Whalers' base now a heritage site

BRIDGET RAILTON
Last updated 05:00 19/03/2014

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A historic Norwegian whalers' base on Stewart Island has become New Zealand's first marine heritage site, giving prized archeological artefacts legal protection against thieves.

The Price's Inlet base has been declared an archeological site by the New Zealand Historic Places Trust, meaning the 2 hectare site, which extends across private and Southland District Council road reserve land and into the marine area, is now legally protected.

Tangible items such as the Othello shipwreck, a concrete and wooden slipway and dam and the ammunition store and Swedish boiler at Millers Beach are part of the base.

The Southland Coastal Heritage Project, a partnership between Environment Southland, the Department of Conservation, the New Zealand Archaeological Association, the Historic Places Trust, the district council, the Invercargill City Council and Te Aō Marama, in conjunction with regional archaeologist Dr Matthew Schmidt, had mapped and documented the site in "Project Njord" to demonstrate its archeological significance.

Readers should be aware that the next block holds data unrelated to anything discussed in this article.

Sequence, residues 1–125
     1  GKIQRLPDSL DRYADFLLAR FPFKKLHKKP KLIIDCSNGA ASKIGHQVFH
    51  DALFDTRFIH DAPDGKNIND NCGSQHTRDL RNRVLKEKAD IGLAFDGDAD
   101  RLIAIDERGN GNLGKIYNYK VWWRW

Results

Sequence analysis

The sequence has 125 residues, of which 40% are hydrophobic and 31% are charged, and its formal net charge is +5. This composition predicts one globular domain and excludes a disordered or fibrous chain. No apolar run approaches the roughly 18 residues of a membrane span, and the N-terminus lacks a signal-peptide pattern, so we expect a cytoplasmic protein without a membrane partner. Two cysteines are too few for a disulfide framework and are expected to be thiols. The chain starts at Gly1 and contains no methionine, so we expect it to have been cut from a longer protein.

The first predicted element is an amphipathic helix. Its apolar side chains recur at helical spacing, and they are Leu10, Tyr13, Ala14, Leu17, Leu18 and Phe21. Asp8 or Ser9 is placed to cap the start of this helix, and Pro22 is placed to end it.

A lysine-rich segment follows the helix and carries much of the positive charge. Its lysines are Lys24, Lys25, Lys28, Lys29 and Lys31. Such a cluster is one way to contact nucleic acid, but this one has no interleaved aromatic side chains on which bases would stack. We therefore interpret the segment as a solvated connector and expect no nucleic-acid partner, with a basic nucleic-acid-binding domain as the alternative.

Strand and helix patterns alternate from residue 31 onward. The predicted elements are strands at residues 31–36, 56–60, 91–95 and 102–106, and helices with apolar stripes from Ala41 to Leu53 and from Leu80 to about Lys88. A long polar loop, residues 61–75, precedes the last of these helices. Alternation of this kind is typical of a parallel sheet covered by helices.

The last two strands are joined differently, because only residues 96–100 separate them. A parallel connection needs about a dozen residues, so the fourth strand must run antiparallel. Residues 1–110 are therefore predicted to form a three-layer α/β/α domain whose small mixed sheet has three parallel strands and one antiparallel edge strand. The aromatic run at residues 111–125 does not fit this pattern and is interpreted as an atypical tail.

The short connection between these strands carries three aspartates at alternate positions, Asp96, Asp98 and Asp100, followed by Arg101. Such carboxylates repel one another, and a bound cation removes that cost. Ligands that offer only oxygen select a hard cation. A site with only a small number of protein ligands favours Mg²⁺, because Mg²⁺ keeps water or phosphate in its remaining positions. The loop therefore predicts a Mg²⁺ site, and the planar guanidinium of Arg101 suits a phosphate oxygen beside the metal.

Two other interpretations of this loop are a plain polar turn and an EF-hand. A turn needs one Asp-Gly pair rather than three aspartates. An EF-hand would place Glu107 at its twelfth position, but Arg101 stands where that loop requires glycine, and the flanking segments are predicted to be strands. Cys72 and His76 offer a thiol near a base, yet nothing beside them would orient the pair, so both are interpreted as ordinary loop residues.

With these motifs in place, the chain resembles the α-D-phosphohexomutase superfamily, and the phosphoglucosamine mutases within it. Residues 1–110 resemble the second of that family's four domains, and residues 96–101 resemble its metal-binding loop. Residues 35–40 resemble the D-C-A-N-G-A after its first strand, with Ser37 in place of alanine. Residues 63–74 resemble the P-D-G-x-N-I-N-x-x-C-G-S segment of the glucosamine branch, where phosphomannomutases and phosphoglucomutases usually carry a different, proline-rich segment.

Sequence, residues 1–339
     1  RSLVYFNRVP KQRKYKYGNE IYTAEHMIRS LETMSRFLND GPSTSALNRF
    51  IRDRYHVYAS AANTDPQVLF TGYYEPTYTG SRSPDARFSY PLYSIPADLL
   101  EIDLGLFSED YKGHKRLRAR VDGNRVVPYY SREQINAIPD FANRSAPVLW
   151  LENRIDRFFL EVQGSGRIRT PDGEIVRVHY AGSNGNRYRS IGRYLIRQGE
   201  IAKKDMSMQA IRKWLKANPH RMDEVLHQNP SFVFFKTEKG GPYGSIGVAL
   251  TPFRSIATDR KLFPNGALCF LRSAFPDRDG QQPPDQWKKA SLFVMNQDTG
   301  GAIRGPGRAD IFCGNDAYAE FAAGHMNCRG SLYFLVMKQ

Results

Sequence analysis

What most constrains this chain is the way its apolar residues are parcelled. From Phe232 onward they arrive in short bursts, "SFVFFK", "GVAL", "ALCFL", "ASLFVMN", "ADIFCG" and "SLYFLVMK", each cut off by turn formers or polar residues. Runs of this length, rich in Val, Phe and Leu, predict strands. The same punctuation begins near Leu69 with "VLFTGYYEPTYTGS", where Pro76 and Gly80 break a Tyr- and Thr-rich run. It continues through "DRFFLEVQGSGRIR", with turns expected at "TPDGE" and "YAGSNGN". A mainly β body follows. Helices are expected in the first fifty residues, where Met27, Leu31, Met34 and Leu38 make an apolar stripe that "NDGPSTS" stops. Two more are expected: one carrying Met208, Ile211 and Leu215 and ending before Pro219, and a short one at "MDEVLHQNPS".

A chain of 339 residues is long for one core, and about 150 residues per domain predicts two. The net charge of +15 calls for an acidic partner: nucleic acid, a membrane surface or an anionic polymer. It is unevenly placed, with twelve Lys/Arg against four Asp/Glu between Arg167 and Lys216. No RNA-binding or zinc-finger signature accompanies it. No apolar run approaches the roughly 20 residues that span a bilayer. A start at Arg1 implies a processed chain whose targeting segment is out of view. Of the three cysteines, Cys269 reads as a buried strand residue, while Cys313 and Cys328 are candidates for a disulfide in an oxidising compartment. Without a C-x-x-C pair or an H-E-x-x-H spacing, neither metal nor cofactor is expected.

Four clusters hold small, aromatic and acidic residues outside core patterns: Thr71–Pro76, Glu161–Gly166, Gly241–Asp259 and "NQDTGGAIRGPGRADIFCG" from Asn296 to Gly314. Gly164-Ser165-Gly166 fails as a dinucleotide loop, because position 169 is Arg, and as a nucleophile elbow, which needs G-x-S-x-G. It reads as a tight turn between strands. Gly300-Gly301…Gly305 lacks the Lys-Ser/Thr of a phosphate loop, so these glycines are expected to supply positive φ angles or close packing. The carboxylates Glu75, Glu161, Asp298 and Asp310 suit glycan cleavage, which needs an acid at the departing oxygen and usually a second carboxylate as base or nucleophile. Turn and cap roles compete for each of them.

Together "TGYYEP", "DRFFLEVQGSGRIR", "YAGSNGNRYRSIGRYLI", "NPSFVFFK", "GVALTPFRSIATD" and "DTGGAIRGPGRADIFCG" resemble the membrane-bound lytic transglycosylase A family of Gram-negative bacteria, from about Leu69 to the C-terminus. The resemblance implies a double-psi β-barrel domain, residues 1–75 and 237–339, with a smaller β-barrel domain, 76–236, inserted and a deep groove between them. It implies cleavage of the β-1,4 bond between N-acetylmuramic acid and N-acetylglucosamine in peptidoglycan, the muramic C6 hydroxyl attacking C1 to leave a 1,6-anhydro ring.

Dr Schmidt said the unique nature of the base not only provided insight into Stewart Island's heritage but was nationally significant.

"It's a very special site in terms of European and our history from last century - in particular, the connection between Antarctica, New Zealand and Norway."

In October, 2012 the project was given a leg up by Environment Southland, which committed $10,000 from the marine fee reserve fund to help expedite the project's process because of concerns about the site's lack of protection against items being removed.

Councillor Neville Cook said Environment Southland was pleased to have been able to contribute to the preservation of the whalers' base, which was a special part of Southland's history.

There was a chance descendants of the Norwegian whalers were still in the area or around New Zealand and it was great to preserve some of their history for them, he said.

There was always a risk that people could have scavenged the site for memorabilia, he said. "If we don't preserve it, we would lose it."

A Norwegian celebration, a Norsk Feiring, will be held on Stewart Island from April 4-6. It will be attended by the Royal Norwegian Consulate-General, Graeme Mitchell from Wellington, and feature sailings to the whalers' base.

Further information about the event if available by contacting the Rakiura Museum.

 

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